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How will the COVID-19 pandemic affect my college financial aid package?

Understanding how financial aid works at colleges can be daunting for students and their families, even without a pandemic.
(Murugiah for The Times)

We’re answering readers’ questions about life during the pandemic:

Will COVID-19 affect my college financial aid package?

Understanding how financial aid works at colleges and universities can be daunting for students and their families, even without a pandemic. For basic information, Federal Student Aid at studentaid.gov explains different types of aid (scholarships, loans, grants, work study, etc.) and who’s eligible for what.

The current crisis shouldn’t affect your aid package, provided you still meet eligibility requirements, according to Linda Brignoni, director of financial aid and scholarships at Cal State Northridge. But if the pandemic upended your life or your family’s life, you may need more money.

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Last school year, you might have spent weeknights in a study room with poor circulation, surrounded by friends as you crammed for exams.

Brignoni explains, in an email: “If a family’s financial situation has drastically changed from the time the student filed their financial aid application due to circumstances such as loss of employment, death or disability or marital changes, the student should contact their college. Each college has a process for reviewing special circumstances that may require submission of a form or documentation to support the review. The college will reassess the financial aid application, along with submitted documentation and on a case-by-case basis, they may be able to exercise ‘professional judgement’ to more accurately reflect the family’s current financial need. In some cases, aid may be increased.”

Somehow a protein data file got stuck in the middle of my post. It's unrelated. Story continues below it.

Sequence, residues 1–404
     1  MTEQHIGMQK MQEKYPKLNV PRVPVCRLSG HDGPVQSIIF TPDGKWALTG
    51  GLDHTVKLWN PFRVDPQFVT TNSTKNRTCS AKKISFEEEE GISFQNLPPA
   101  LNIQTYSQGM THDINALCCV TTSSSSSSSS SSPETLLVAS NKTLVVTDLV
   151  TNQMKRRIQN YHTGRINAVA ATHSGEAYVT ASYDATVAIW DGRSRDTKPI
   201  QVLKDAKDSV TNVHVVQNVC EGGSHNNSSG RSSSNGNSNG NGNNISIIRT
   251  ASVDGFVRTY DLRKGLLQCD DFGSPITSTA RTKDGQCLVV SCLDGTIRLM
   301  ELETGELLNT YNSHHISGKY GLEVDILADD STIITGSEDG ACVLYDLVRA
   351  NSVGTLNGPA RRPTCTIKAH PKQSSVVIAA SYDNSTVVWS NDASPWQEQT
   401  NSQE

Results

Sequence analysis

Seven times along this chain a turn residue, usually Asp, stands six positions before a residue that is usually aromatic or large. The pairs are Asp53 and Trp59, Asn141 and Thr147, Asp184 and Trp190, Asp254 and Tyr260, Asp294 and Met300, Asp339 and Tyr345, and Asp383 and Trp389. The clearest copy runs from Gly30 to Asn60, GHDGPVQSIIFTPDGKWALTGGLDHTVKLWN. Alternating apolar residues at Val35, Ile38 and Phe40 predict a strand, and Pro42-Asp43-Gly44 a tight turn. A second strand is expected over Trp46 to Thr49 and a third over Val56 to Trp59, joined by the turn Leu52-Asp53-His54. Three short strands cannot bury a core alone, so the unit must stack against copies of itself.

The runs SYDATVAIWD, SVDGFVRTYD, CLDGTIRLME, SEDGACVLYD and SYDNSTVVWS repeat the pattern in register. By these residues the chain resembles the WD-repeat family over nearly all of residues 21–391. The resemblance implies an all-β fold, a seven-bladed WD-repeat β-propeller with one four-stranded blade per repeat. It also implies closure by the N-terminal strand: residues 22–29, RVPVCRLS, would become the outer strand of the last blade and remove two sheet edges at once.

Many parents feel uneasy about students returning to campus this fall. Here are some things to consider before they do.

One word of warning if you or someone you know wants to take a gap year due to COVID-19 concerns or for other personal reasons:

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Students who defer college for a year and then take classes at a community college could lose financial aid. Maria Furtado, executive director of Colleges That Change Lives, advises students to make sure they know the rules at their school about the number of courses they are allowed to take and still maintain their deferral status. “Some [schools] may change your status to a transfer student, which lowers the amount of financial aid you may get,” she said.

We’re listening, L.A.: Tell us what you want to know about the most pressing questions you have at this time — how to find a job, the best ways to manage your finances, and whether it’s safe to send your kids back to school or off to college — and we’ll find the best experts to answer your questions.


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